I'm at one of the "top pro bono firms" according for whoever ranks that stuff. My partner, the head of our office lit department told us "I don't care about pro bono" almost word for word.

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soj

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Re: ITT: Interviewers tell you common instant ding OCI mistakes

Postby soj » Fri Aug 01, 2014 12:57 am

don't bring up pro bono. your interviewer will often bring it up anyway because it's what law students care about and legal recruiting has instructed interviewers to play up pro bono. when they bring up pro bono you can express enthusiasm for it like you should with everything, but don't go overboard.

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FlightoftheEarls

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Re: ITT: Interviewers tell you common instant ding OCI mistakes

Postby FlightoftheEarls » Fri Aug 01, 2014 7:48 pm

Anonymous User wrote:
Anonymous User wrote:
Anonymous User wrote:
You are leaving out the part where he called me stupid for dinging people for using law school classes as the primary reason behind picking a practice. You are right that it was incorrect to respond by making the same exact comment to his point. In any case, I think we both view each other's views as stupid because our firms are looking for different things. My firm looks for candidates who will stay for a while with demonstrated interest in certain practice areas. His firm is looking for people to do the lower level doc review work and then attrition out to prestigious clerkships and in house gigs after 2-3 years (this is why people go to these places, nobody actually goes for a career). If I was a V20 interviewer, I would probably go all GPA personality and just look for the gunners who seemed to have the highest pain tolerance for the two years they stay. We at least want the type who can make it 5 with hopefully a slightly better lifestyle.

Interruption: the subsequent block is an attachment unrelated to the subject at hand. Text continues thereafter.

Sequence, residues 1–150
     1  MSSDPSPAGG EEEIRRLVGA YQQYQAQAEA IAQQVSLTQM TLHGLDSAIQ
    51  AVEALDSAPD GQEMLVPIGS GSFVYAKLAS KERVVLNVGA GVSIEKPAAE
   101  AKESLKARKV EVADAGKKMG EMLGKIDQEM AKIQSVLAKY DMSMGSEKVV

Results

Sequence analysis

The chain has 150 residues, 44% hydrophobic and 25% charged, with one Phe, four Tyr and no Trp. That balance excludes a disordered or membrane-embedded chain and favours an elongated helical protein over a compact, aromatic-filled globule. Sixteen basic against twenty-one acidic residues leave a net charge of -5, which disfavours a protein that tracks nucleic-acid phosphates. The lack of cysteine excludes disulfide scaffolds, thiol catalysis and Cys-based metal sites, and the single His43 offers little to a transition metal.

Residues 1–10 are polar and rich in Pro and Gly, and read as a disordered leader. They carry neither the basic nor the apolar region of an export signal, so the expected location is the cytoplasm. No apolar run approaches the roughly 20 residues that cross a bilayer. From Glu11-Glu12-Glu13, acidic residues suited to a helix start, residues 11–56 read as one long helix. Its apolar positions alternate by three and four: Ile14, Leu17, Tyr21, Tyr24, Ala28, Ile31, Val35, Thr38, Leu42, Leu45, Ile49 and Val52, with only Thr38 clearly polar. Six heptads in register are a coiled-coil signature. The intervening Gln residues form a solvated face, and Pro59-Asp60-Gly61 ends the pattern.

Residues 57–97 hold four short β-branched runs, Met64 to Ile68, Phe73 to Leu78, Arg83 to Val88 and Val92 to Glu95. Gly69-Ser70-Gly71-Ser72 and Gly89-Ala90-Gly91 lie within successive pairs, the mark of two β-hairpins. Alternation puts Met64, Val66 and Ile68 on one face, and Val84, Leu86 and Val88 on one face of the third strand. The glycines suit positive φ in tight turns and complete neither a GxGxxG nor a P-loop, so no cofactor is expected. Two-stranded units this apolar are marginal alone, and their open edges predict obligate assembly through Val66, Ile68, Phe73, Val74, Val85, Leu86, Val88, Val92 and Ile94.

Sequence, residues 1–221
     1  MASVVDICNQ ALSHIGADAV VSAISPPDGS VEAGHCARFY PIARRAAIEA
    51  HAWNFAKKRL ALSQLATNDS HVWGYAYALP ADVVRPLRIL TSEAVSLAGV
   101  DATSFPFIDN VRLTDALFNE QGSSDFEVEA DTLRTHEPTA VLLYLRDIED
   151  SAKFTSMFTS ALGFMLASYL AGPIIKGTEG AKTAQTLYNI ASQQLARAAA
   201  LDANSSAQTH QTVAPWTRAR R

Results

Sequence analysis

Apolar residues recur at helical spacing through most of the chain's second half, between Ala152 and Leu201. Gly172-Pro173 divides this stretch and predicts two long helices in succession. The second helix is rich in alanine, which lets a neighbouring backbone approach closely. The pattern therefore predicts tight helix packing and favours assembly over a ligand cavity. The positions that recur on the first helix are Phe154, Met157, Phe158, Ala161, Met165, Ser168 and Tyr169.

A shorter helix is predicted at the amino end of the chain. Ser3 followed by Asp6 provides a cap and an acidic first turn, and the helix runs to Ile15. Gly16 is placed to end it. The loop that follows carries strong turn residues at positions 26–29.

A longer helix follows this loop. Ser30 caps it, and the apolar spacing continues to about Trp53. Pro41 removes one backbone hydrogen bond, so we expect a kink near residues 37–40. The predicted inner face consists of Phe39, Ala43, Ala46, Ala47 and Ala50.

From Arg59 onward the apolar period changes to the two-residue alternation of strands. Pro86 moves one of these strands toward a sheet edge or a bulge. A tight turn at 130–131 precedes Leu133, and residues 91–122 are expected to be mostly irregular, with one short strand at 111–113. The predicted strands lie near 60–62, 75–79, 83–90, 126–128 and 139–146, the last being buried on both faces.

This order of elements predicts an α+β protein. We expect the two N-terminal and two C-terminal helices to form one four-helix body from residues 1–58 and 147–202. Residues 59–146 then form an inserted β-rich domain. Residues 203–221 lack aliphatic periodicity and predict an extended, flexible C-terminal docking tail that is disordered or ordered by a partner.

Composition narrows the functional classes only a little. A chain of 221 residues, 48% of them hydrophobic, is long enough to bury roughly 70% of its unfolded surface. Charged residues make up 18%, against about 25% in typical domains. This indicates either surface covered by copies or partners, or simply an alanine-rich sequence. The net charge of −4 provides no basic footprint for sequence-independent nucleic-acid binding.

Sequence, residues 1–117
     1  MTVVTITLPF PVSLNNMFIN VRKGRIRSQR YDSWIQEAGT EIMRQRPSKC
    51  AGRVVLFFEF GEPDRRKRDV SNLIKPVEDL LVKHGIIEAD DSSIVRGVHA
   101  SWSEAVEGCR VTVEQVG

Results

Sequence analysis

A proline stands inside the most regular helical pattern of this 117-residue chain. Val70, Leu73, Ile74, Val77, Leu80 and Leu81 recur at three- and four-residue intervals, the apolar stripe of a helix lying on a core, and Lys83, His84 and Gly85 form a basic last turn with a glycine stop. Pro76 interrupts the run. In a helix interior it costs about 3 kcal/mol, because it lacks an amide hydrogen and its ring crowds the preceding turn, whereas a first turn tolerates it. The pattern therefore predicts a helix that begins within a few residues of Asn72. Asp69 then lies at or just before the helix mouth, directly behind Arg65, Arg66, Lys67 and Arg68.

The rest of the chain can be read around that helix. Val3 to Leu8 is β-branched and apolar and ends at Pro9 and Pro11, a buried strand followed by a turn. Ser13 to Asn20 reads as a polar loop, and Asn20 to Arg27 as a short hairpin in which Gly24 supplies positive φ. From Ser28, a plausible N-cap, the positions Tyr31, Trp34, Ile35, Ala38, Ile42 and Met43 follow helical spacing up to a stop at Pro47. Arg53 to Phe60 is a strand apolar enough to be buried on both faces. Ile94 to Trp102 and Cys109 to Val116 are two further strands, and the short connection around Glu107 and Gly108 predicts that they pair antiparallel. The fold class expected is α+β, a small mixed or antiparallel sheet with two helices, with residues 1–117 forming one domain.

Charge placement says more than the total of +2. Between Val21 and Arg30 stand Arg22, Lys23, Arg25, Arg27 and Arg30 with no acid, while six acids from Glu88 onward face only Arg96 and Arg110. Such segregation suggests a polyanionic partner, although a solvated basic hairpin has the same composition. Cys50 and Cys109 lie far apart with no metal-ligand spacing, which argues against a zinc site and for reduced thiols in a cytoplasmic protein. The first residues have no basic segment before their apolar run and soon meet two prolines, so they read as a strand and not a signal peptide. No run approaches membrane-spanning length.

In that way you can take my advice with a grain of salt. Sweatshops want people who will sweat. Lifestyle firms want demonstrated interest and commitment. Prestigious lit firms want moot court and law review. I guess everything probably could have been avoided and the thread would have been more productive with that caveat.


At my v10, some associates are running middle-market cases as third/fourth years (big decisions generally signed off on by partners, but associates on the phone, submitting motions, doing depositions, sending contracts to the other side, etc). The fact that they work more hours than a lifestyle firm means they get experience faster. You're right that on the giant cases associates are doing less, but it's wrong to assume that we do less on all deals. In fact, it's my impression that smaller firms are more likely to put more senior partners on middle-market deals because those are the "big" deals for them.

What you're saying may be more true at the monolith firms (ie DLA) but I don't think it's necessarily true at all v20s. It's also not true for all practice areas (some lend themselves to more junior experience early on).


I did everything you described at the end of my first year. This is my whole point.

Yeah, dude, OP was stylin' on dem V20 bros and drafting multi-billion dollar CRAs and PSAs after his first three months thanks to his unparalleled work experience while you were learning how to update your email sig block. Fucking learn about it.